As you know, when individuals are in debt and can’t pay, they simply keep getting into more debt. They borrow money to pay back money they don’t have. Then they not only add more interest payments to their debt, as well as the principal of the loan, they also start paying penalties and fees. Most people are familiar with being late with a credit card payment, paying a fee for a late payment and then seeing the interest rate jack up from 12% to 21%. The bank actually ends up making more money through this indebtedness than if the borrower paid the full amount on time. The one thing they don’t want you to do is declare bankruptcy and ruin the Ponzi scheme. Banks make it impossible to get out of debt in a reasonable way. Once you are at a disadvantage, they move in for the financial payoff.

It is the person who is lowest on the totem pole who will bear the weight of these loan schemes. And everything is geared to that person not walking away from that debt. Once they do, the whole thing collapses. And having that person in that condition is in the banks interest to begin with, or at least banks as they now are, not as they at one time have been.

So, there is the pain of bankruptcy or the pain of increasing debt. Either way, Greece is going to be in pain. There is no way for this not to happen. But now that they are on the ropes, it is in the economic interest of other entities to keep then there. They make money off this misery. And the more down Greece is, the more money can be made from them.

Greece should declare bankruptcy. When you look at American finances, we are a bigger Greece. The size of our economy and our ability to kick the can down the road is greater. Our debt load is immense and the unfunded liabilities staring us down in the future are beyond our ability to pay. But it is in financial community’s interest for it to be this way. The taxpayer is bankrolling the excessive debt so that the banks don’t take a hit. It’s perfect for the banks. Of course, when it all collapses, they will collapse along with it. But immediate gain is a drug that they can’t turn down. And they will keep taking pops until Armaggedon.

The engine of capitalism is making loans of money for business ventures. This makes things possible that otherwise would not be possible. But it must be done carefully with appropriate restraints. Otherwise the financial markets will actually destroy the ability of business to do business. It is in the interest of the taxpayer to seriously regulate financial markets to put brakes on what becomes unfettered power and the ability to create feudal slavery.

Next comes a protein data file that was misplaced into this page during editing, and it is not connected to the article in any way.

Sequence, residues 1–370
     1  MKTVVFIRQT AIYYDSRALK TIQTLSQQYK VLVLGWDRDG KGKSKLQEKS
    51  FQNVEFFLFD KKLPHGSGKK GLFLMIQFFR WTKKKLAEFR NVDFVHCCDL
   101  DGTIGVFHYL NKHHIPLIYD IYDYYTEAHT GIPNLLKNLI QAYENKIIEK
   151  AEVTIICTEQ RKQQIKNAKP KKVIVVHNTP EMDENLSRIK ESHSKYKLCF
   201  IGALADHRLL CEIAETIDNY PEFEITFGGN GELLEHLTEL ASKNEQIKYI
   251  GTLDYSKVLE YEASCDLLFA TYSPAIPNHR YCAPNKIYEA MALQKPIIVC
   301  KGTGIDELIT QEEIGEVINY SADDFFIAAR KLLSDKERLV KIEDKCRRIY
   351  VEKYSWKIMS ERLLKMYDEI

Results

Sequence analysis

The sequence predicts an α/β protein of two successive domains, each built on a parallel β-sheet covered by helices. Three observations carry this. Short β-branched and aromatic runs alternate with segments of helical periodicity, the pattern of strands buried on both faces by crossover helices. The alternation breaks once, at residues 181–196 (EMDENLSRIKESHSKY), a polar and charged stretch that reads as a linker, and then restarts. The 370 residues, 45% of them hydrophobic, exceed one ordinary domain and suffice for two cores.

An Incredible Story of Creative Response to the Food Deserts of the Inner City

On Book TV Will Allen recounts his career change from a former professional basketball player and executive at Procter & Gamble to urban farmer.   In 1993, Mr. Allen, CEO of Growing Power, bought a two-acre plot of land in close proximity to Milwaukee’s biggest housing project.  From this initial purchase, Mr. Allen created an urban farm that now grows forty tons of vegetables and raises 100,000 fish that can feed ten thousand people a year.

Growing Power is a non-profit that obtains urban plots of land to grow good food near those communities which live in the middle of food deserts, where there are no grocery stores.

Give Allen’s presentation a watch.

No Matter How Much Money We Pour into Education We Can’t Make Parents Care

I have been reading over Mitt Romney’s education plan. I can’t remember a candidate running for office who didn’t put education on the front burner and promise to change things for good. And still, here we are!!!

The reality is that no matter how many resources are poured into public education, there is no lever that can be switched on to make parents care. And that is the critical piece – a home where parents focus, set aside their personal needs, prioritize their lives, put down the booze, keep out of the malls, simplify and streamline life, manage their evenings as well as their days, and keep their kids on the education path. Can you buy something that will replace that? Can you overcome what happens when parents actually choose to work at cross purposes to a successful education for their children?

As in so many other things, the home has been loosed from its moorings to stable and attentive family units. What our kids are going through in our homes is the national crisis. What our kids have to see and endure as so many parents live out of control lives is the scandal. For 40 years as a Pastor I have seen what kids have to go through because the real kids are the adults.

According to  a recent demographic concerning some of the riots over tuition increases in Great Britain last year, the startling figure that I recall is that in over 40% of British households children have never seen an adult in the home get up and go to work. The welfare system is so out of control that personal responsibility for one’s own well being is no longer a major part of the national consciousness.